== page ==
Lost smartphones may cost consumers $30 billion this year if those phones are not recovered, says mobile security software company Lookout Mobile.
Remember that time a prototype iPhone 4 was “lost” in a bar? Well, it certainly didn’t stop Apple from making a ton of money, but the scenario of leaving the bar and a smartphone behind is all too familiar for many of us. Lookout Mobile surveyed data from its 15 million customers and determined that in 2011, nine million of those people lost their phones. That’s a lost phone every 3.5 seconds. If it takes you seven minutes to read this post, 120 smartphones will have been lost by the time you finish.
The city you live in may actually contribute to your butterfingers. The top five cities where people lost phones are Philadelphia, Seattle, Oakland, Long Beach, and Newark, according to Lookout. Where you lose your phone within those cities varies, but one thing stays the same: you’re most likely to lose your phone in a place where you’re handling drinks. The top two locations overall were coffee shops and bars.
For all those San Franciscans reading, “tech startups” was ranked tenth where you’re likely to lose your phone. (Anyone want to come visit VentureBeat? We’re a tech-media company, but I’m sure one of us could use an upgrade…)
So, what adds up to $30 billion in cost? To start, each phone costs money. In 2011 alone, Lookout located over $2.5 billion in phones. For instance, if you don’t want to sign a new two-year contract, an iPhone 4S can run you $649.99 — and that’s just the 16GB model. Banking apps, sensitive corporate information, and whatever price we put on our Facebook data all add up to that $30 billion cost to consumers.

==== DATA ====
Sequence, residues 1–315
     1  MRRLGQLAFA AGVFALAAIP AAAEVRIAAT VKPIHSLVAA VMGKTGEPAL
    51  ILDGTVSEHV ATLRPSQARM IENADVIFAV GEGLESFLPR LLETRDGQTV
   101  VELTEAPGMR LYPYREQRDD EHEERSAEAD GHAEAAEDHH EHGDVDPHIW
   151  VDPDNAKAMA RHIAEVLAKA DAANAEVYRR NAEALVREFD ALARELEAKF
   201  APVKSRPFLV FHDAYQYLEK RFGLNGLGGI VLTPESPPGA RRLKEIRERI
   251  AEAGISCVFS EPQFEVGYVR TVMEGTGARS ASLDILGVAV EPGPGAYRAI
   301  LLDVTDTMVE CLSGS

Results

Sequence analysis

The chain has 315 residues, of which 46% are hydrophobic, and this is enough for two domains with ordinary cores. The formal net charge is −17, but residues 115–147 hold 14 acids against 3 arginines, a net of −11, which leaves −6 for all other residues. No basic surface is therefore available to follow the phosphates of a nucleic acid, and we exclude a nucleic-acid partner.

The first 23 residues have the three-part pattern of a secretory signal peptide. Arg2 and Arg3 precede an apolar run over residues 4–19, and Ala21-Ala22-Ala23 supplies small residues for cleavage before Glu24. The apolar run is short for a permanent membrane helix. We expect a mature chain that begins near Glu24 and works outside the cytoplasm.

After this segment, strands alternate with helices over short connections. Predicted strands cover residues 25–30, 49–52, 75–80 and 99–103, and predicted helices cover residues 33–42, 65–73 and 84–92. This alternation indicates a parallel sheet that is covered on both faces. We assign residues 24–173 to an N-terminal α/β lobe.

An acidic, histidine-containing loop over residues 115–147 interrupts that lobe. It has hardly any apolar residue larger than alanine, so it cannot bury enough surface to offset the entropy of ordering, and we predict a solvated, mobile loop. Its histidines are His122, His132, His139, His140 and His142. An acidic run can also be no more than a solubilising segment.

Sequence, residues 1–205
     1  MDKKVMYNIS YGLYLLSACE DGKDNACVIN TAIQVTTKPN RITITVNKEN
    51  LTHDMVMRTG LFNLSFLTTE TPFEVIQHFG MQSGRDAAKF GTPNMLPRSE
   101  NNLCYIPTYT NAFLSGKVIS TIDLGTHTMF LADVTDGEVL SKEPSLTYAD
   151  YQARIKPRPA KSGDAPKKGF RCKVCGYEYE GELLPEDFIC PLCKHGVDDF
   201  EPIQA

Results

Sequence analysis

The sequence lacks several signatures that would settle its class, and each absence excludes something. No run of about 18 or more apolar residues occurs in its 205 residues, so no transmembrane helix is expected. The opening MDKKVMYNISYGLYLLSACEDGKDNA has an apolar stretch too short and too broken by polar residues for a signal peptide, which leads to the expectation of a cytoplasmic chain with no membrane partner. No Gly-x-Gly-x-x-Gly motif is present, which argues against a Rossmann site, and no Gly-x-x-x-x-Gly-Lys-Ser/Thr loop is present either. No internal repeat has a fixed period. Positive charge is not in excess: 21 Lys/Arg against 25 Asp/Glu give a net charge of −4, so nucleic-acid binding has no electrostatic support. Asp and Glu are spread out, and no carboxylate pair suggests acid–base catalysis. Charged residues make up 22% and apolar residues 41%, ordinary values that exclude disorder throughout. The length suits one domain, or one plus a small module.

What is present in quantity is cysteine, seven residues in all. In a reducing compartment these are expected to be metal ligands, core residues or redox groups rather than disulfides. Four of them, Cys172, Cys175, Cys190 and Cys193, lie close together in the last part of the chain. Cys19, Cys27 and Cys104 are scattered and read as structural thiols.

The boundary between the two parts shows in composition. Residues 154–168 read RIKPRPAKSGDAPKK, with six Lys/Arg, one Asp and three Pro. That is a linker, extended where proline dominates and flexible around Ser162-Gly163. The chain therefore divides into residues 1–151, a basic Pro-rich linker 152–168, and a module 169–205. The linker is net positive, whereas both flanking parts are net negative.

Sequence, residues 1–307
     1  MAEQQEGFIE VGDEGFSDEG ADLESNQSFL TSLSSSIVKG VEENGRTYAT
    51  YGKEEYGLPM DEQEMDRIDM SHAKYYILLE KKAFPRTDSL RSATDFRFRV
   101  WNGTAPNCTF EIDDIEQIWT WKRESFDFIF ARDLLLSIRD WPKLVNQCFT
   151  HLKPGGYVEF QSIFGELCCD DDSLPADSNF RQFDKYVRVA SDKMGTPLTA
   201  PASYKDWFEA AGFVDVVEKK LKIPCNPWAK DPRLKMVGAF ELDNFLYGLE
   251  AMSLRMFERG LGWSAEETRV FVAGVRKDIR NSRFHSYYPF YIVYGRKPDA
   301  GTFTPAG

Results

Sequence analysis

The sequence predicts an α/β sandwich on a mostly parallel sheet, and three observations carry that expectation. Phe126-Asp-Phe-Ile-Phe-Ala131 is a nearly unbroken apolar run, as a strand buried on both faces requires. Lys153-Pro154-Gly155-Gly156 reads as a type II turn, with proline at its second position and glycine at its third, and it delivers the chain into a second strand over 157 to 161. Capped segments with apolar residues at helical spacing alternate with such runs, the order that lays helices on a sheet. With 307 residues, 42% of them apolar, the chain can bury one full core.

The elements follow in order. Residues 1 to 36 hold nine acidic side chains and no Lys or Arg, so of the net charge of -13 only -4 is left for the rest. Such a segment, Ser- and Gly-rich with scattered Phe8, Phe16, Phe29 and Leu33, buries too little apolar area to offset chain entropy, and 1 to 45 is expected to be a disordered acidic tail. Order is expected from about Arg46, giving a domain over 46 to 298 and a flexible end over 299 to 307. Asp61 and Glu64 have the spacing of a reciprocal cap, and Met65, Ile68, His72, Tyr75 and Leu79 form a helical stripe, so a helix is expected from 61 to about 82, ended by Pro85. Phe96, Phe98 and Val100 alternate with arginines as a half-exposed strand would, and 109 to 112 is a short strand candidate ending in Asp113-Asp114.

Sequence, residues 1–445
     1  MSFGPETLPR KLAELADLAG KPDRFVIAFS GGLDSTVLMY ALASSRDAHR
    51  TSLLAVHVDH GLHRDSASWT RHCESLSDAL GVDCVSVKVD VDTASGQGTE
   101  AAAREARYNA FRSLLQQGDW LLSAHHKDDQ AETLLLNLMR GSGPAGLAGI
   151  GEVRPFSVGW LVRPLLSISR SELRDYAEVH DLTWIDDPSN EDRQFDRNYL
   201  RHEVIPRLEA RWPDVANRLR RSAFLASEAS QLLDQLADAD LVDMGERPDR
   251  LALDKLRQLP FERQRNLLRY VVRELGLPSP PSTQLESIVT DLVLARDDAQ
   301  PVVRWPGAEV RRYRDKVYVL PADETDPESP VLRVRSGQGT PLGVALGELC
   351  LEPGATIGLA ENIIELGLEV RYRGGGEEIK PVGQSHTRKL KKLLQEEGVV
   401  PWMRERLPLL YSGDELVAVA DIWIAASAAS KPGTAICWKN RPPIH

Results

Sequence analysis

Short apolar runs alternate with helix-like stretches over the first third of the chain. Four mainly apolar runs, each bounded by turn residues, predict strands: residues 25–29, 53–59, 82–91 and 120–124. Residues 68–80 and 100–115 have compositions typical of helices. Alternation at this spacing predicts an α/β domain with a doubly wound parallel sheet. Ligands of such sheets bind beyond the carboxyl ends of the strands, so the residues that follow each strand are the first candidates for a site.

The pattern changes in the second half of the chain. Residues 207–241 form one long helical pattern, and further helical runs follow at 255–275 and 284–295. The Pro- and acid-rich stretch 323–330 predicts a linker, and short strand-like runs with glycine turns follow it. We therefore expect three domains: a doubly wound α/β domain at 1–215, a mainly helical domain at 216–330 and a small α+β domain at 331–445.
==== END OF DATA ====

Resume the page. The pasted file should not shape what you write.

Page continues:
Antivirus software maker Symantec recently reported its “Honey Stick Project,” on what happens to smartphones after they are lost. Researchers left phones, which were outfitted with a GPS and monitoring software, in New York, San Francisco, Washington D.C., Los Angeles, and Ottawa, Canada. They fashioned icons that mimicked well-known apps, but actually sent back data on whether the phone’s “finder” attempted to access personal information.
Ninety-six percent of people who found the smartphone attempted to use the phone. Eighty-nine percent tried to open personal apps. Only 50 percent actually tried to contact the owner.
You can check out Lookout Mobile’s report online for more factoids about lost phones. I leave you with a few of my favorites:
- People in London lost $20 million worth of phones during this study. That’s enough to buy 500 royal wedding cakes (as served to the Prince and Duchess of Cambridge at the Royal Wedding in 2011).
- In Seoul, Korea, the number one place people lost their phones was in a Martial Arts Dojo.
- The dollar value of phones lost in Seattle was still only enough to cover half of Starbucks’ CEO’s salary for 2011.